"Clive Davis is heartbroken he will no longer see the devoted staff at the Beverly Hills Hotel, who have been taking care of his needs since 1965. But the chief creative officer of Sony Music is boycotting the Pink Palace as long as owner Sultan of Brunei is imposing Shariah law in his home count. As of May 1, the citizens of the oil-rich sultanate on the island of Borneo face fines and imprisonment for minor crimes, such as failure to pray on Friday. The Sultan’s plan calls for whippings and amputations for more serious crimes like stealing — and death by stoning for adultery and gay sex. 'When I learned of the enactment of the penal code, I realized it would be impossible for me to stay there,' the veteran music mogul told me on Friday. Davis is distraught he won’t be seeing the 'fabulous, terrific' staff at the hotel anymore. 'They know I like coleslaw, and dark meat better than white, and oatmeal raisin cookies,' he said. Instead of his regular haunt, the New York-based Davis spent the last week ensconced at the Peninsula Hotel in Beverly Hills." (Richard Johnson)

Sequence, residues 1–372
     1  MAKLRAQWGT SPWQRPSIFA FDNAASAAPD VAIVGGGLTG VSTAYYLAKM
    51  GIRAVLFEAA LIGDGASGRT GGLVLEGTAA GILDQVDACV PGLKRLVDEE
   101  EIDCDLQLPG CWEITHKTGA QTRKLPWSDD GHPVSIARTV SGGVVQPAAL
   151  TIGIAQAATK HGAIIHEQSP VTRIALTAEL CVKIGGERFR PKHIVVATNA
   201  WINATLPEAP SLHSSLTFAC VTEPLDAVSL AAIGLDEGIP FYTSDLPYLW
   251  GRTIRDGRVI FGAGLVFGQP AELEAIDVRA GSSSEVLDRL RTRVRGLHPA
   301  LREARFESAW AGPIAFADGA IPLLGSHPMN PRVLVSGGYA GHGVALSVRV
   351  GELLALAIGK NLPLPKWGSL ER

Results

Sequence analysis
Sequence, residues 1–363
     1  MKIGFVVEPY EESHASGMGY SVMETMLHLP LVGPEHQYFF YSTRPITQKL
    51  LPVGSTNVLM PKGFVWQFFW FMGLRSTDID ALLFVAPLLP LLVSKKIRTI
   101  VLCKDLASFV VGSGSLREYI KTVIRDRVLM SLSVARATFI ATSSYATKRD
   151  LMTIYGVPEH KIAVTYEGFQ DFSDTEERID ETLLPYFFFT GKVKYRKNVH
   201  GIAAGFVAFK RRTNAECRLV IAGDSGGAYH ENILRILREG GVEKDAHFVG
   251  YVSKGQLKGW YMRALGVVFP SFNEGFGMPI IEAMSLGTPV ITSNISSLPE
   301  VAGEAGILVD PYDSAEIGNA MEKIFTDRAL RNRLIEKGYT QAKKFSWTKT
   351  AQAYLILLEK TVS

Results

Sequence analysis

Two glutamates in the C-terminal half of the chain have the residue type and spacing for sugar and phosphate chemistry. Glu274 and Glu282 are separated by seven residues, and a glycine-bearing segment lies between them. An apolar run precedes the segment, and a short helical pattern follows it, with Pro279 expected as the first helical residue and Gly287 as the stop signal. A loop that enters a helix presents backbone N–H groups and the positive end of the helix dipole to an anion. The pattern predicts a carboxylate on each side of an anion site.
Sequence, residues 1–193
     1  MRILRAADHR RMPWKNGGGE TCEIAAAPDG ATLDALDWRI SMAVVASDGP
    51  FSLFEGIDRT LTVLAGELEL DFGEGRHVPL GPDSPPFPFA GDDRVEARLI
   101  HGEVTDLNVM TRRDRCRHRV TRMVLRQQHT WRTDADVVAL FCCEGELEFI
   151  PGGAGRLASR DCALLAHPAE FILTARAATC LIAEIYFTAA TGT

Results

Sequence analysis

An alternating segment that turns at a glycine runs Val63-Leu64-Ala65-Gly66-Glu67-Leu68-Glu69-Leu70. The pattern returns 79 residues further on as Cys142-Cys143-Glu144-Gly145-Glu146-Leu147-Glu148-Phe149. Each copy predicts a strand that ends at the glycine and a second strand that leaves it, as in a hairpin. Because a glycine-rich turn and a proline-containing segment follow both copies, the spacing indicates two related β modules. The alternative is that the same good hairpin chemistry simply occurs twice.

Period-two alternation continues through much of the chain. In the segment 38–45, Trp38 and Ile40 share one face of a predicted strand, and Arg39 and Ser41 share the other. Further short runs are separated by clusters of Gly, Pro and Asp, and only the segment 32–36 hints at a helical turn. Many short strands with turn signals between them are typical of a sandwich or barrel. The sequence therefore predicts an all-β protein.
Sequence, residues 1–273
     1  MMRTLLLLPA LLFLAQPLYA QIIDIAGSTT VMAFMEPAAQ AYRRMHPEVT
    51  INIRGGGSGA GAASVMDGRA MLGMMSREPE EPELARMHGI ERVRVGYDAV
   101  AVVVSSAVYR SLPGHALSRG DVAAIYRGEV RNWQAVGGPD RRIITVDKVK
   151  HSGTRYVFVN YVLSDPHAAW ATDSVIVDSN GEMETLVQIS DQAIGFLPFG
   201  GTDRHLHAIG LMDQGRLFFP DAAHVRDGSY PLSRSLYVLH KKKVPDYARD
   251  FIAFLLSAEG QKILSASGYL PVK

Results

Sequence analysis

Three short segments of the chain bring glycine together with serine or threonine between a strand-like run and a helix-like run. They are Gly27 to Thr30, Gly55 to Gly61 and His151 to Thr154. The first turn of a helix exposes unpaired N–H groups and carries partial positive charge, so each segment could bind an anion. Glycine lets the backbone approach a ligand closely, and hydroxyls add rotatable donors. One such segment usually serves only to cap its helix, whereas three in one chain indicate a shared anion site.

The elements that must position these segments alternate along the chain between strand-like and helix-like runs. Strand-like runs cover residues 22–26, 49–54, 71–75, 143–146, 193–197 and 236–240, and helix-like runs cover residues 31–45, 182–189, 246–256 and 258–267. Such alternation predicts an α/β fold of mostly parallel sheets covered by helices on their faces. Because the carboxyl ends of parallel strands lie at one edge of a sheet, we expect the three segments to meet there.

"If the Sultan of Brunei is going to enforce Sharia law fairly, his playboy brother Prince Jefri should be stoned to death for committing adultery. Jefri, 59 — who has had five wives, three of whom he is still married to — was known for keeping as many as 40 highly paid American and European women on call to have sex with him and his friends. New Jersey-born Jillian Lauren came home after 18 months in Brunei with $300,000 and wrote a book, 'Some Girls: My Life in a Harem,' about her experience. Besides having sex with Jefri, the then-teen also hooked up with the Sultan, she revealed this week in a piece in the Daily Beast. 'As the citizens of Brunei face the erosion of their rights, I imagine the man I once knew, holed up in a posh hotel suite somewhere, maybe with another American teenager in his lap, making laws that legislate morality,' Lauren wrote. Ex-Miss USA Shannon Marketic returned from Brunei in 1997 and sued Jefri and the Sultan, claiming she was held against her will as a sex slave. Marketic lost her lawsuit after Jefri claimed diplomatic immunity.
The first round of Sharia law, imposed on May 1, calls for fines and prison sentences for those who have a child out of wedlock, fail to pray on Friday or promote religions other than Islam." (Richard Johnson)